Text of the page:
This local documentary packs a big punch

2017-05-28 09:00

City Press Review: This Land

Johannesburg - This Land is a short (48 minutes) documentary by Miki Redelinghuys that packs a big punch. It focuses on the plight of a village in Makhasaneni in KwaZulu-Natal (KZN) and highlights the larger issue of land restitution in South Africa.

During apartheid, the villagers were forcibly removed to make way for white farming and relocated to Makhasaneni near Melmoth, where they’ve been living, farming and burying their ancestors since. Now they face another threat of eviction from “an international company” looking to pursue opencast iron ore mining in the area.

The company is never mentioned by name in the doccie – perhaps for legal reasons – but a quick Google search will reveal it’s Jindal Africa, an Indian conglomerate.

In 2011, the community became aware of geologists inspecting their land. Next thing they knew, their water and soil were being poisoned by mining. To their dismay, they learnt their land had been sold to Jindal by their chiefs, who got the go-ahead from the Ingonyama Trust. The trust holds 2.8 million hectares of traditional land in KZN and has King Goodwill Zwelithini as its sole trustee.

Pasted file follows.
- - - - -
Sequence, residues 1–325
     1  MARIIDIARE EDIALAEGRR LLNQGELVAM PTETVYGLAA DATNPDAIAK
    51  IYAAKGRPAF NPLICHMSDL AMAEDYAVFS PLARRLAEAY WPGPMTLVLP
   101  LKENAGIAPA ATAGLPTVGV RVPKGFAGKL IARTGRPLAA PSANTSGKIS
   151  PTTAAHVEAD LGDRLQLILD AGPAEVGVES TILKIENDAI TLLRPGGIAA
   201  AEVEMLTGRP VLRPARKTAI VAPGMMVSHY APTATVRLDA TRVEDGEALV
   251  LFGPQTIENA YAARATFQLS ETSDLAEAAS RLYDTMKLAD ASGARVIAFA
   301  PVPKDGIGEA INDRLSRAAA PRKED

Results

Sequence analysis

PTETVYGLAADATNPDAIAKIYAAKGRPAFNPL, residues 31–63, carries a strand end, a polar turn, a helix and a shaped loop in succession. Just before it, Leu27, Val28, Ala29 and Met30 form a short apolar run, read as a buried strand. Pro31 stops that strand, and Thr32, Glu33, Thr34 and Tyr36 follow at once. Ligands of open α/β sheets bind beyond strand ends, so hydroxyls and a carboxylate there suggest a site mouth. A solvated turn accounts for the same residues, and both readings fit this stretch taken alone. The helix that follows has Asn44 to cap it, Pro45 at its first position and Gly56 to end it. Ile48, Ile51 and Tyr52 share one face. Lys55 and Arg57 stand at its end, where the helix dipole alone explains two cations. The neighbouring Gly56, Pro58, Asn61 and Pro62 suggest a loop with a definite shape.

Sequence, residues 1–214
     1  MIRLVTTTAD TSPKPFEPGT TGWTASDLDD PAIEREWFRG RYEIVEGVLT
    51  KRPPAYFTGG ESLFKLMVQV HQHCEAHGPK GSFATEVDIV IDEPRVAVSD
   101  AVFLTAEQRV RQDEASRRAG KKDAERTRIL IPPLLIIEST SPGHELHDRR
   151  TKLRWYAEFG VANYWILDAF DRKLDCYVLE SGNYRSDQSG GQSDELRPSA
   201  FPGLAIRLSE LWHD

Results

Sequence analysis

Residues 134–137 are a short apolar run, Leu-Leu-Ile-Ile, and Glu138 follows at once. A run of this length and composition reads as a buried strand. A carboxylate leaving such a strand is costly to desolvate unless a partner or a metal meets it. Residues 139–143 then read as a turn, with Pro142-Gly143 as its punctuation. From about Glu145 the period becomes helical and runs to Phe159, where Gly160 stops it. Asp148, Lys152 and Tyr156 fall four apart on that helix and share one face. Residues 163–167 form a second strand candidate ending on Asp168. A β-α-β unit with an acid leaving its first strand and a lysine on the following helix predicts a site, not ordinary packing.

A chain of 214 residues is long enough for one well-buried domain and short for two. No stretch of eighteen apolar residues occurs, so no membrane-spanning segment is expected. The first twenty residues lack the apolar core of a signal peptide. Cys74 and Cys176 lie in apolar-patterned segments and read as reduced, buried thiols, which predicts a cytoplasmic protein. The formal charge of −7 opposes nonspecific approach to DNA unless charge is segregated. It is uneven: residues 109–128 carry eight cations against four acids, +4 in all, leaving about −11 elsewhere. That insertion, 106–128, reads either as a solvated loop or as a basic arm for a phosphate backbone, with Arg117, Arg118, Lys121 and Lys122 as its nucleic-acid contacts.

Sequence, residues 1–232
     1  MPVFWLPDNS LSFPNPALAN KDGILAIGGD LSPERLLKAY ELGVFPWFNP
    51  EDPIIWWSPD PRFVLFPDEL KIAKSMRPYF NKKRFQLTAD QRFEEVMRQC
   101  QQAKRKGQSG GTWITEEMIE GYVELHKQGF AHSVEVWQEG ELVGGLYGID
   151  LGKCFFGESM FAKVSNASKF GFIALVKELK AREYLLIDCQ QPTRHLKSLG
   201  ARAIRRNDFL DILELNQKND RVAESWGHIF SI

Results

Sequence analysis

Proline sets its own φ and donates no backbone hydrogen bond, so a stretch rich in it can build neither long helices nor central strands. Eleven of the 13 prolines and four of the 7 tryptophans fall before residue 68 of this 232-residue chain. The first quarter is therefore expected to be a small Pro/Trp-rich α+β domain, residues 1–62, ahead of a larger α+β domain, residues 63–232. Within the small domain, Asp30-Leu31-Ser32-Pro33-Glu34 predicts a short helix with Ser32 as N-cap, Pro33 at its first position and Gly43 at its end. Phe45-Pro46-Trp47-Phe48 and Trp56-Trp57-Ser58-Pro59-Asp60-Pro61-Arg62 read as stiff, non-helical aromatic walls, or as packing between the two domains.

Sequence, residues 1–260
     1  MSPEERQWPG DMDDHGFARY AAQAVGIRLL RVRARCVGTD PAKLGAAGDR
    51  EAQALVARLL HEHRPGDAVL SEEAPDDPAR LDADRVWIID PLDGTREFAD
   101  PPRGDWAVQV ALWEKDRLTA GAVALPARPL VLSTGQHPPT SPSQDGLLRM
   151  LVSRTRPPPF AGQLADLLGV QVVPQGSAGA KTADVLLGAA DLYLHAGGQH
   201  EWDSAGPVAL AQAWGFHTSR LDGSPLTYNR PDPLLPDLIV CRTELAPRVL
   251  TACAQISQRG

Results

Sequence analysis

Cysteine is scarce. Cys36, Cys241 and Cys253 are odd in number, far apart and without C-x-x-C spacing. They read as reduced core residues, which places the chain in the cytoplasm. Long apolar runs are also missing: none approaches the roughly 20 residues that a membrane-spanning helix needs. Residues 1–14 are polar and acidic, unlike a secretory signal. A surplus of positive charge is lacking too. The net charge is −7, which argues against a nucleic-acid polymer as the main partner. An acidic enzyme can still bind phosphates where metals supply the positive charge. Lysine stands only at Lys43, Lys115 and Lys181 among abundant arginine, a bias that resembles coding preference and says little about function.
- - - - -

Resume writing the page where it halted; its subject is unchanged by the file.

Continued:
“We see amaKhosi [the royal family] are selling land to ... foreigners to build mines. We are trying to show not only the chief but even the king that we are the landowners here, we are going to challenge it,” says activist Mbhekiseni Mavuso at the beginning of the film.

Redelinghuys includes two more examples where the royal family and the politically connected have developed and sold off land from under the feet of local communities.

In Babanango, 26 families found themselves suddenly surrounded by a game reserve after their land was bought by the KZN Heritage Council, commonly known as Amafa.

“The CEO of Amafa was so arrogant,” says activist Msizeni Magwaza. “I asked him: ‘We gave you land, how are we going to benefit?’ And he said, ‘You’ll benefit nothing from this project. This project belongs to big names, like the king … politicians … Not people like you, my boy.’ We’ve suffered a lot under names like heritage and tourism.”

Unfortunately, there’s no commentary from the royal family or Jindal in This Land, which deploys a very basic reportage style with no experimentation.

However, it’s a worrying and infuriating look at how the poor and dispossessed remain poor and dispossessed.

Watch the trailer here:

Read more on:    encounters 2017  |  documentary  |  movies

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